Paul D. Miller is a professor in the practice of international affairs at Georgetown University’s School of Foreign Service, a contributing editor of Providence, a research fellow with the Ethics & Religious Liberty Commission, and a senior fellow with the Atlantic Council.
Nationalists believe that humanity is divided into mutually distinct, internally coherent groups defined by shared traits like language, religion, or culture, and that these groups should each have their own governments. There is an alternative.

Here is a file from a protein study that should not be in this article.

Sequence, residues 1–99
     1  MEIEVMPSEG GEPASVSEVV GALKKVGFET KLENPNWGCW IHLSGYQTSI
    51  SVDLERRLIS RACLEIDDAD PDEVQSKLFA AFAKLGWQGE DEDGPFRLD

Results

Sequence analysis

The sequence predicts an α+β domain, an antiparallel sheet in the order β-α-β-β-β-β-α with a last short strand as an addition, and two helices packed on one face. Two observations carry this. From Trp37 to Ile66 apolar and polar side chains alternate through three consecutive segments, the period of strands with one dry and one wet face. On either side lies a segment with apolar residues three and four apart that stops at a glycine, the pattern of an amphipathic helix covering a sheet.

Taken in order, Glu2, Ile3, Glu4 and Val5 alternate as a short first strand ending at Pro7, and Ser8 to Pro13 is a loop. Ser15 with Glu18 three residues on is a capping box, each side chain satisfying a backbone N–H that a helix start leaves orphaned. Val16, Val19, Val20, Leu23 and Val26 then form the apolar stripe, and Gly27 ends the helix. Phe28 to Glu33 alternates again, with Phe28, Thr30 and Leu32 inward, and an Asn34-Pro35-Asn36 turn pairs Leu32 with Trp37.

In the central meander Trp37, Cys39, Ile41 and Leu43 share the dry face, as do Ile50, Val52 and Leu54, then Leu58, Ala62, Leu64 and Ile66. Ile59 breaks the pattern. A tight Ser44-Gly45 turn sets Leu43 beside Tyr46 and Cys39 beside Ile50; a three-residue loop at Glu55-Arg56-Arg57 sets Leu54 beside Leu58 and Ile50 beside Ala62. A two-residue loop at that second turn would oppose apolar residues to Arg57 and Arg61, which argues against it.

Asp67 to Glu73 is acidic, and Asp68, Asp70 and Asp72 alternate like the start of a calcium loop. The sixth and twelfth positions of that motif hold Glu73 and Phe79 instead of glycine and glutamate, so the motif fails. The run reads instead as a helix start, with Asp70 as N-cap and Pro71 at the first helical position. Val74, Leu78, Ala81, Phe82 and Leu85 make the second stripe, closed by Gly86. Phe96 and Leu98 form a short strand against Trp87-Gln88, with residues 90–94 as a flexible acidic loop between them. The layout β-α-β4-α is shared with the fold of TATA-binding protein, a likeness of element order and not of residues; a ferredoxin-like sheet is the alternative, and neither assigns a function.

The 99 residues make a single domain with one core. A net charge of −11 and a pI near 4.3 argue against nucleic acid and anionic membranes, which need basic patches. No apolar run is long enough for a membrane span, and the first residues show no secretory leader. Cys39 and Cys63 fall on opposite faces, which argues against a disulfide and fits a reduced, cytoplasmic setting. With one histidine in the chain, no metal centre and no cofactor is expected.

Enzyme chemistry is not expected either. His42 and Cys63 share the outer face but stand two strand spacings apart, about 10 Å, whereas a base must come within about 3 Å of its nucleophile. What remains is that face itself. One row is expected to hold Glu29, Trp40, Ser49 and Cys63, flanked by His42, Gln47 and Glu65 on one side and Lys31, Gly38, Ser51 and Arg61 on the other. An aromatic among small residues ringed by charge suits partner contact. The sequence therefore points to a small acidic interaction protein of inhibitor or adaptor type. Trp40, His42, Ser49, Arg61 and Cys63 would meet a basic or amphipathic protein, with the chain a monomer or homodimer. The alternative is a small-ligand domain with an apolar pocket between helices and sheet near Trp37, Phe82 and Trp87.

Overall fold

Assassinating Iranian Major General Qaseem Soleimani was a justified act. But it took place within the context of a largely unjust and strategically indefensible grand strategy, so it is unlikely to be a net positive in the long run.
There are two different conversations going on simultaneously from the right. One is an argument directed outward, toward the progressive left and “globalists.” The other is an argument directed inward, within the right, between nationalists and conservatives.
I welcome the effort to give nationalism more depth because one of the more maddening features of political debate over the past few years is the difficulty in nailing down what exactly the nationalist side believes. In that spirit, I have some questions for the advocates of National Conservatism.